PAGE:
I've been reading Apple books recently, such as Jim Carlton's "Apple" or iCon. Both of them, as well as much of the other literature available for Apple, talk about Steve Jobs and the general history and business on Apple. Much less is available about Steve Wozniak who actually built the original products responsible for Apple's taking off and current success.
So I thought I'd balance things out a bit and also read about Wozniak. And iWoz is the book that tells you about him. Or rather, he talks about himself.
I haven't really read any "I" publications (meaning written in first person) from/by Jobs. He has published things like Thoughts on Music, but I'm not really sure how much of that is his original writing or words. These things from both Jobs and leaders from other companies are often products of PR. They're necessary for business but you don't really get to experience the person behind them.
iWoz is different. It's done in first person, I understand as a result of a series of interviews that Woz did with the co-author Gina Smith. It reads and feels fairly personal and genuine and close to the truth. And it passes my smart writing test, there are fairly few exclamation marks.
It tells the story of a great engineer. Arguably Woz is one of the most brilliant engineers on the planet and this book tells in great depth how he got originally interested in electronics and atoms and bits and chips, and how that led to designing and eventually building computers, and everything that came after that.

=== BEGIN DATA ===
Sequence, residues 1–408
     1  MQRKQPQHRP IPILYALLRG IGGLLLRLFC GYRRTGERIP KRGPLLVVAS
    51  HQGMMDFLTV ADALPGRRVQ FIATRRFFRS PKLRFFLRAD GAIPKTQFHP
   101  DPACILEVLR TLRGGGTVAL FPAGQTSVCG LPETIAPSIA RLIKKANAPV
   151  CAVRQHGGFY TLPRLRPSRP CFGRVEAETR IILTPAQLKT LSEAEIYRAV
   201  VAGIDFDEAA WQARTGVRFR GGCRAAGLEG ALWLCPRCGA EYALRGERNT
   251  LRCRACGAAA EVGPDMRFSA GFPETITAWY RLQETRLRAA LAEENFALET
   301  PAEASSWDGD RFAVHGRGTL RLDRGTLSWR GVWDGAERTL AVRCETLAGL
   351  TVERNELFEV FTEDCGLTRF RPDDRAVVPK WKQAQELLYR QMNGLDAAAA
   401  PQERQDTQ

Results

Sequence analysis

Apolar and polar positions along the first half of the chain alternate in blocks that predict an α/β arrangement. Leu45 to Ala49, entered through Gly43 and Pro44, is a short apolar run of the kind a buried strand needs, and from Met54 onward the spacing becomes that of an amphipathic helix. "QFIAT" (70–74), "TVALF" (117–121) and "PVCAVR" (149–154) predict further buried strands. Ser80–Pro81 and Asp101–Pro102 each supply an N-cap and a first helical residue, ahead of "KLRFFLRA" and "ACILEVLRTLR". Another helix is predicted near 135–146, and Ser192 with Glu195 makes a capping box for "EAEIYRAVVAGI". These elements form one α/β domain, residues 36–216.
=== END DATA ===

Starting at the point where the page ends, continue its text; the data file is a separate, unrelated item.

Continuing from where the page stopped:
I really liked that story and I identify with it very strongly. Even though I'm not half a percent as smart as Woz was (otherwise I'd be as rich as he was by my age :P ), I believe the same as he did -- that in order to build high-level systems, you need to have at least some level of understanding about how the lower level beneath them works, or you'll end up with nonsense.
Also, recently I've started to think about aesthetics. Engineers and beauty don't necessarily match in the public mind, but Woz talks a lot about beauty and elegance in the engineering sense -- for example, building things with as few chips as possible. I'm sure this thinking has had at least some level of impact on Apple's product line and its beauty both internally and externally also today. Aesthetics and elegance are not only nice things to have, but are very directly connected to things like efficiency and power consumption. If you shoot for a design that has as few chips as possible (and then still manage to cut out a few more), a nice by-product of that is that your thing will consume less power and be less hot and have a longer battery life, as the power source will have "fewer mouths to feed".
I didn't know about some of Woz's other ventures like organizing and funding a rock concert that featured video links to USSR and their spacecraft, or him being a teacher. It also attempts to debunk some myths around Jobs and Apple, like did Jobs quit Apple in 1985 or was he fired (the former, Woz says), or how he was misquoted in the press about his reasons for leaving Apple, and others like that. And it has looks into his family life and teaching career.
Highly recommended to anyone who's interested in learning more about how Apple and its products actually came about and their original engineer.Share